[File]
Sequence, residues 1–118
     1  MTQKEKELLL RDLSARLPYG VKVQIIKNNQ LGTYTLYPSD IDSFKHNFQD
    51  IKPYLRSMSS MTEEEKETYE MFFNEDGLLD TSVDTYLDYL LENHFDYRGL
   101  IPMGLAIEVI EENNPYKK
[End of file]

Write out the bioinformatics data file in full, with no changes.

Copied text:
Sequence, residues 1–118
     1  MTQKEKELLL RDLSARLPYG VKVQIIKNNQ LGTYTLYPSD IDSFKHNFQD
    51  IKPYLRSMSS MTEEEKETYE MFFNEDGLLD TSVDTYLDYL LENHFDYRGL
   101  IPMGLAIEVI EENNPYKK